I arrived at about 10:40 AM for the 11:00 AM Mass and selected a place at the center of a pew about six rows back in the main section. After saying my usual prayers, I looked around and saw no racks, missals, or hymnals; a light bulb then flashed over my head saying, "Yes, of course; that's why they had racks at the doors, you fool." I am amazed that no matter how many times I visit a new parish, I fall into the same traps, including this one; one would expect that I'd learn. Well, at least I knew enough to arrive early this time, so I had plenty of time to head back to the door and obtain the required materials, which consisted of the OCP Companion Missal (with readings) and Breaking Bread as well as a bulletin for scribbling some short notes, including the hymns from the hymn board. I kept waiting for the crowds to arrive, but by 11 AM the pews were still mostly empty. Perhaps many people selected earlier Masses as a result of the clocks' being reset from Daylight Time. Despite that, a couple chose to sit almost right next to me on my left. This is no horrible crime, but it is unusual and did leave me rather puzzled, and I was wondering if they were going to want to hold hands later.

The cantor began the Mass by announcing the opening hymn, "Blest Are They." I expected a choir as the time seemed right but none was present. Two servers, two lay ministers of Holy Communion, the reader, and the priest participated in the entrance procession down the center aisle. The penitential rite consisted of a Kyrie sung in English by the cantor without invocations of any sort. The Gloria was omitted.

The reader had a separate seat next to the ambo; he proclaimed the first reading without incident. The cantor led the responsorial psalm from the cantor's lectern, and then the reader gave the second reading. The verse before the Gospel was sung; the priest stood at the front of the Sanctuary with the two servers, who held candles, and held the Book of Gospels high before proceeding to the ambo. The two servers remained at the ambo until the conclusion of the Gospel. The priest changed the line, "You are all brothers," to "You are all brothers and sisters." He also changed the closing line to "whoever exalts themselves..." which as William Safire would say, "grates on the ear." Instead of the usual acclamation, "The Gospel of the Lord. Praise to You, Lord Jesus Christ," another Alleluia was sung.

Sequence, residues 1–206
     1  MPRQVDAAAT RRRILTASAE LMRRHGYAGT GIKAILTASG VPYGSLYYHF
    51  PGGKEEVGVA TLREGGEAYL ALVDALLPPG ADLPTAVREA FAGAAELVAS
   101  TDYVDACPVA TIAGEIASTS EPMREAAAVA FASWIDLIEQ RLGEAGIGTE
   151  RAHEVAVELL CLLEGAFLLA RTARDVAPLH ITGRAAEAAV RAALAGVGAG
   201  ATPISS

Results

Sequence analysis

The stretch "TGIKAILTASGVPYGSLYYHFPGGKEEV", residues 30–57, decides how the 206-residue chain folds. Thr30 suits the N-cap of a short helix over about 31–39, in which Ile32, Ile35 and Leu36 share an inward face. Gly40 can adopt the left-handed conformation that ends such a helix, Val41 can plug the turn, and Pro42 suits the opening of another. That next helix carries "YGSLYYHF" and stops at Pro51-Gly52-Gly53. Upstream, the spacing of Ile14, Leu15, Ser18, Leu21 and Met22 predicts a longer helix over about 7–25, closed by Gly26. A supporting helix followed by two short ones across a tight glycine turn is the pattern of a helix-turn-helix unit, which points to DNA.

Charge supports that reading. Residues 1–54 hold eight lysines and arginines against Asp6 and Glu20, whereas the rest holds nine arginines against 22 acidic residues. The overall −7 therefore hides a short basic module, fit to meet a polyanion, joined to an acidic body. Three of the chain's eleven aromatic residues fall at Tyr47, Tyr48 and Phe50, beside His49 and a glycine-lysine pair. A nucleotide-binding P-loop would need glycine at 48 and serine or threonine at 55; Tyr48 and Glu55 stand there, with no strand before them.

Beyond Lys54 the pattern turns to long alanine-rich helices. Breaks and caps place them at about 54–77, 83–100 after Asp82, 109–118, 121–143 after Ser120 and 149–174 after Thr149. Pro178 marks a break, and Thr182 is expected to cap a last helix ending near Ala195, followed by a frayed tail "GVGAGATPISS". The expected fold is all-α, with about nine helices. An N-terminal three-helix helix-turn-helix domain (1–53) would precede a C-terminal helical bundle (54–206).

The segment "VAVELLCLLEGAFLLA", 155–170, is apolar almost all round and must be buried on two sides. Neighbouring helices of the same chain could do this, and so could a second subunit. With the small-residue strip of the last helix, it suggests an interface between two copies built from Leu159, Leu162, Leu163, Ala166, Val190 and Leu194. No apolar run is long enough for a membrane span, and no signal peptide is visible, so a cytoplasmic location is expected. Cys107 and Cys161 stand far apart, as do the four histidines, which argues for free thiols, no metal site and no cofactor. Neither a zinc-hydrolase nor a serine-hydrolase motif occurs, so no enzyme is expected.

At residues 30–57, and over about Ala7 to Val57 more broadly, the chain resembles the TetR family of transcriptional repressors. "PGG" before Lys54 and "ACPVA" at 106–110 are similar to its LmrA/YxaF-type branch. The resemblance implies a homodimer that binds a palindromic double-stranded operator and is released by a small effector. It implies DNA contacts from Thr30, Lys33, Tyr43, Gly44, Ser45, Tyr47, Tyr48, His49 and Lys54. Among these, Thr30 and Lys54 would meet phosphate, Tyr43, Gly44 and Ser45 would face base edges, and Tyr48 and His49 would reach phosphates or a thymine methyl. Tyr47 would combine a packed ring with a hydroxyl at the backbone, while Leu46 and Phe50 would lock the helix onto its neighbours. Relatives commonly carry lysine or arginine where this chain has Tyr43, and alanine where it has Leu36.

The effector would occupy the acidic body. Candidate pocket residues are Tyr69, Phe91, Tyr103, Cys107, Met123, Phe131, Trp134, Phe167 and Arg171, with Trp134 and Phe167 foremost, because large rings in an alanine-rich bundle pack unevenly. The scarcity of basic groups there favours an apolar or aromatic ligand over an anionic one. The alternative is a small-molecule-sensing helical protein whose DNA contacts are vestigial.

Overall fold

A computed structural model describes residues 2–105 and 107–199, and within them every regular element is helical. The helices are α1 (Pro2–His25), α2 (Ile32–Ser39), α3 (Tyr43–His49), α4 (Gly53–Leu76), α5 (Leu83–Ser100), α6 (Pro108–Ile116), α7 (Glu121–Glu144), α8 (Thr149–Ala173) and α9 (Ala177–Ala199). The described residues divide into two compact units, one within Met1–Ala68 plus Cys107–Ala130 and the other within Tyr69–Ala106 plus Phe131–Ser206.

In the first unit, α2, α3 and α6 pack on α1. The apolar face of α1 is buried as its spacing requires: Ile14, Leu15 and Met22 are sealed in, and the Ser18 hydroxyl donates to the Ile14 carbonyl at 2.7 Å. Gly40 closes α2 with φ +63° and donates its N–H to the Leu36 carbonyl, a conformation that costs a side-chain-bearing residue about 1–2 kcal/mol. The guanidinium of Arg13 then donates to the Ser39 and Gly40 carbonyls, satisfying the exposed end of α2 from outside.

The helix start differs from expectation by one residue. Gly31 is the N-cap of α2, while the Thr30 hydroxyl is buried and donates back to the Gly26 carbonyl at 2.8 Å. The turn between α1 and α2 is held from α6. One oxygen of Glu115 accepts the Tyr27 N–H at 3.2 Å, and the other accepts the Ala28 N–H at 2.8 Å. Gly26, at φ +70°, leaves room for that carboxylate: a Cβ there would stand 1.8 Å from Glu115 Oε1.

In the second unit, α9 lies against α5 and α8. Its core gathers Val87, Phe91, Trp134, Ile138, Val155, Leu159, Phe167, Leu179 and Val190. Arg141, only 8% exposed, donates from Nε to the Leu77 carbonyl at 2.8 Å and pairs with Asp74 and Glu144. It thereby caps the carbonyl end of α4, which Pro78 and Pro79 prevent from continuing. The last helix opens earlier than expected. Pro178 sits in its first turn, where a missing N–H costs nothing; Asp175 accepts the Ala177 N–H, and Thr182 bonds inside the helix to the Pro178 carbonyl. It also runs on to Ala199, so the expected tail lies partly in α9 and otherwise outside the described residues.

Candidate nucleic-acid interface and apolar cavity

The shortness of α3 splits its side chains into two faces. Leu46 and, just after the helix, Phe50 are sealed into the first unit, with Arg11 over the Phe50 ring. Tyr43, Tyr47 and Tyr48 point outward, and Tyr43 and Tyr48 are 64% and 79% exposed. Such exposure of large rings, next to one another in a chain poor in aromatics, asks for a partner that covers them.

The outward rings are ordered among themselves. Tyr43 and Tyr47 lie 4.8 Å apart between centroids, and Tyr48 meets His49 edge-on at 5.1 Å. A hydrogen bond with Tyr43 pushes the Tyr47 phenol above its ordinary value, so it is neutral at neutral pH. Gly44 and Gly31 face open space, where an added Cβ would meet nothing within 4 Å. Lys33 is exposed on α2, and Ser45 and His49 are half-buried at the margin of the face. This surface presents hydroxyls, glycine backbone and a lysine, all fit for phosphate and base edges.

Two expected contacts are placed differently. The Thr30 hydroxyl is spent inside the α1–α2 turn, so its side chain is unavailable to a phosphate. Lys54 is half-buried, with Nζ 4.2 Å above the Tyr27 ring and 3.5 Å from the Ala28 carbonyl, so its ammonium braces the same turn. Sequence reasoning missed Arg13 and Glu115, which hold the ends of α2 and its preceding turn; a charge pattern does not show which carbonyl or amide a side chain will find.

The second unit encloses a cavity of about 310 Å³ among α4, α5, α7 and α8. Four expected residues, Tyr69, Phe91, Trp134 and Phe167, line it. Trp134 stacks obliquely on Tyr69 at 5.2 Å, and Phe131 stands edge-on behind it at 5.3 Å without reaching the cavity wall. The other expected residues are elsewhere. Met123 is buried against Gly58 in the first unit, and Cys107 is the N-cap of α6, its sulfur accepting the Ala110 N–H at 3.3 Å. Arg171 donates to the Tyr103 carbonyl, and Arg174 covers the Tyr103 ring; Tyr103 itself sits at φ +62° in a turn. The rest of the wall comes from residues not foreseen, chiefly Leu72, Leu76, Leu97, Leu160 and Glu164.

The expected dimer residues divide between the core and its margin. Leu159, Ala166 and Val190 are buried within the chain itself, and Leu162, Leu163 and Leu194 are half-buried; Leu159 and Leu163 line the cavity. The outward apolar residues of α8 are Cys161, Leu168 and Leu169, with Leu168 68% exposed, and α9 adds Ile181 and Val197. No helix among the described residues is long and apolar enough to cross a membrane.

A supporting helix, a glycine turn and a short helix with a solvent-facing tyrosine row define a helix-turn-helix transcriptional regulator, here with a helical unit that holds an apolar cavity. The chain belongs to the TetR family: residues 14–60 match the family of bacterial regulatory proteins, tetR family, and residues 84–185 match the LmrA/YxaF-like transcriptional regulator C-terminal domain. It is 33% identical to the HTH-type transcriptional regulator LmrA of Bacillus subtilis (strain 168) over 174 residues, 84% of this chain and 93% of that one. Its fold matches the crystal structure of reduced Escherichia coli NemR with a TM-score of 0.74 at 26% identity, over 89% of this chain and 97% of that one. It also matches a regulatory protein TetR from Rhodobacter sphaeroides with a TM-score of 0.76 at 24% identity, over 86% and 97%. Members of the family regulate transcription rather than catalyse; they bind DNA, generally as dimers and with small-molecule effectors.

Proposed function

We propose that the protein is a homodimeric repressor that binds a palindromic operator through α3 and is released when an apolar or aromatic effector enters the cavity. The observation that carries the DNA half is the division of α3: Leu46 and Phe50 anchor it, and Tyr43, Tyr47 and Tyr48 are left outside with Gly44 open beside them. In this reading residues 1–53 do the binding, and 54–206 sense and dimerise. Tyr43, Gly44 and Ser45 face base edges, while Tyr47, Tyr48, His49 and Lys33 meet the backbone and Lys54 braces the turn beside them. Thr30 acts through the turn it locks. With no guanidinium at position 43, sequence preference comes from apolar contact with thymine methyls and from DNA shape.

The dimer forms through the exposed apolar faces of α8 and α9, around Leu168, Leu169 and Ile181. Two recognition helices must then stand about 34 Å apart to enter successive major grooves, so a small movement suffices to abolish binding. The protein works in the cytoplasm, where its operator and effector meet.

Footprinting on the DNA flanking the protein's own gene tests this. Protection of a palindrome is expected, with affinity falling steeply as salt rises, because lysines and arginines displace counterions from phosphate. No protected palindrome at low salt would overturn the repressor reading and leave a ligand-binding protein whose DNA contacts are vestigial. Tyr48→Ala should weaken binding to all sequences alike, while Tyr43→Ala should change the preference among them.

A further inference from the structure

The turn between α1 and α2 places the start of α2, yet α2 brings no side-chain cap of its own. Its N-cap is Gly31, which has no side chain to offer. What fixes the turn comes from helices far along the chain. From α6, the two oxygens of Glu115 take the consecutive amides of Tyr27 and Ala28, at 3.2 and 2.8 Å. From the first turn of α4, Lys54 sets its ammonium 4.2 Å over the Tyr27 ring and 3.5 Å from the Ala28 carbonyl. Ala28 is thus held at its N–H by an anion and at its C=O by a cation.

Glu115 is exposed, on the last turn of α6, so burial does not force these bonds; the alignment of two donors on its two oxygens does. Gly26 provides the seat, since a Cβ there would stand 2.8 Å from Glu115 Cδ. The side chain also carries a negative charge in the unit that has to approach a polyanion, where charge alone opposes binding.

The homily consisted of three main points which were given as "homework" for the next few days. First, as preparation for the next two days, we were to spend a few moments praying to a departed friend or relative who touched us in some special way and might now be in heaven. Second, we were to try to recall a moment of forgiveness in our lives when we experienced the power of God's mercy, either directly or through someone else. Third, we were to prepare to vote, giving special consideration to our Catholic faith and the needs of others rather than our own needs-- in other words, voting to advance the common good rather than our individual interests. The priest also spend a considerable amount of time speaking about an ecumenical agreement now being made final in Augsburg on the anniversary of Luther's posting of his 95 theses. He is happy that many of the original misunderstandings among Protestants and Catholics have been eliminated but still hopes that full communion can be attained, as much work remains.